Watching contemporary dance and physical movement performances is like viewing abstract paintings.  Both genres demand and sometimes challenge the viewer.  The best of them may bring order to your emotional chaos.

Last night at Fluid Festival, I was mesmerized by the athleticism, emotionally imbued insect and creature inspired crawling, sidlings, creeping and jumping that brought a rawness to the jagged journey of the dancers.

In the program we are told Children by choreographer Nigel Charnock the enfant terrible of British Physical Theatre is one of two electrifying pieces to be presented.  Some of the soundscape is certainly jolting with a repeated high pitch sound that trembles between a song and a scream interspersed with familiar love songs of other eras and ending with an opera aria. But as I watched Louise Lecavalier and her struggle with Patrick Lamothe, to find the emotional security we all crave from childhood, like most of the audience I was inert, silent and spell bound. During the 10 minute pause before the second piece A Few Minutes of Lock – as in Eduard Lock founder of La La Human Steps where Lecavalier was his muse for many years – the buzz in the house was as loud as any after game gathering in a sports bar.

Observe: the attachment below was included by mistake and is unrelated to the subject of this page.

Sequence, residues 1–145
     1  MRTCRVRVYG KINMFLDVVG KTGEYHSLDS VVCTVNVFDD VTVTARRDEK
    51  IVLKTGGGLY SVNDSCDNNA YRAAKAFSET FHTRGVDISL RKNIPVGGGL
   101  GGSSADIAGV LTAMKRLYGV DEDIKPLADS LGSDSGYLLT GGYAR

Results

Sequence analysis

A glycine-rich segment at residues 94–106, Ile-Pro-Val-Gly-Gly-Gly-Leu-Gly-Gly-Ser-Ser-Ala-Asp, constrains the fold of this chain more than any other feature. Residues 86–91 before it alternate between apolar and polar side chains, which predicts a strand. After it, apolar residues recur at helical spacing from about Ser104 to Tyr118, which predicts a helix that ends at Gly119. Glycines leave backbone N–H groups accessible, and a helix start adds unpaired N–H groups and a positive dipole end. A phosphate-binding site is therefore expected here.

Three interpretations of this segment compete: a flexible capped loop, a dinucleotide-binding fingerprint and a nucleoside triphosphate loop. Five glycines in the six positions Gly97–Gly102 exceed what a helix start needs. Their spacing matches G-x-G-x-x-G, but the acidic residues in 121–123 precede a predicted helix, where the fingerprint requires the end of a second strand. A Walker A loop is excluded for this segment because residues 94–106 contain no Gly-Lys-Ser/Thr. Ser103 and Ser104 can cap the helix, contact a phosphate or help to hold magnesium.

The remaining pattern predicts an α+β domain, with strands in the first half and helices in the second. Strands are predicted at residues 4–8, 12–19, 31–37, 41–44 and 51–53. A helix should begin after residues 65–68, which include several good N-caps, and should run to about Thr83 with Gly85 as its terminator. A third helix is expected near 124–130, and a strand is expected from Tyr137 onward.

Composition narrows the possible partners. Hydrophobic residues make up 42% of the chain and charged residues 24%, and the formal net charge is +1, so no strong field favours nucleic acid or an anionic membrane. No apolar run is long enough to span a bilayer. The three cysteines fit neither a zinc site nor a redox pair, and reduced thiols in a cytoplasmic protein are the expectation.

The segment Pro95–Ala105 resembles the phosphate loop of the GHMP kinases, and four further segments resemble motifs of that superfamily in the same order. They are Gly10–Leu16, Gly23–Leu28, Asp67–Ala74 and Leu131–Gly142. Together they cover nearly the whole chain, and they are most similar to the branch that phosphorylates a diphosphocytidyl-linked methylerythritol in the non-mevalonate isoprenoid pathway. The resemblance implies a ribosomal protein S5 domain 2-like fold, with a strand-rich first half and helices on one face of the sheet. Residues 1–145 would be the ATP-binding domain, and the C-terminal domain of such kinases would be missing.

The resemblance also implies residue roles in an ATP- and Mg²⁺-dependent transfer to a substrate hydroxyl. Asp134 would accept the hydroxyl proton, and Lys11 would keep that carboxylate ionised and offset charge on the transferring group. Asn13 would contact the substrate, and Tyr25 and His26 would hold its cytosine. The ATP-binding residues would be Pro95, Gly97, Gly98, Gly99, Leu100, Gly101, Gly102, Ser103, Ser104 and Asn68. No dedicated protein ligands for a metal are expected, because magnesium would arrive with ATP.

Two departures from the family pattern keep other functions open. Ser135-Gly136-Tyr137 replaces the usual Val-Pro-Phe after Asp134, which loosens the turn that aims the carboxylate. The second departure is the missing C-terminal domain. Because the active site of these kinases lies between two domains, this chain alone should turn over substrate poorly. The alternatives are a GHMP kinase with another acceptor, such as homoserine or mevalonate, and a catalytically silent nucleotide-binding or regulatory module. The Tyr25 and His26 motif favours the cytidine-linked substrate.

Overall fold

The second piece was a challenge to Lecavalier’s body memory as she danced with Calgarian Keir Knight in a piece from her past.

Consistently Lecavalier has shown us the future not only in dance but for the longevity of dancers who choose the physical movement path.

Tonight Friday October 21st is your last chance to see Fou Glorieux’s current tour.  Take it in at the Grand Theatre and stay for the artist’s chat.  That’s what Canadian festivals are all about – the insights into the artists thinking and process.

from Tim Christison

 

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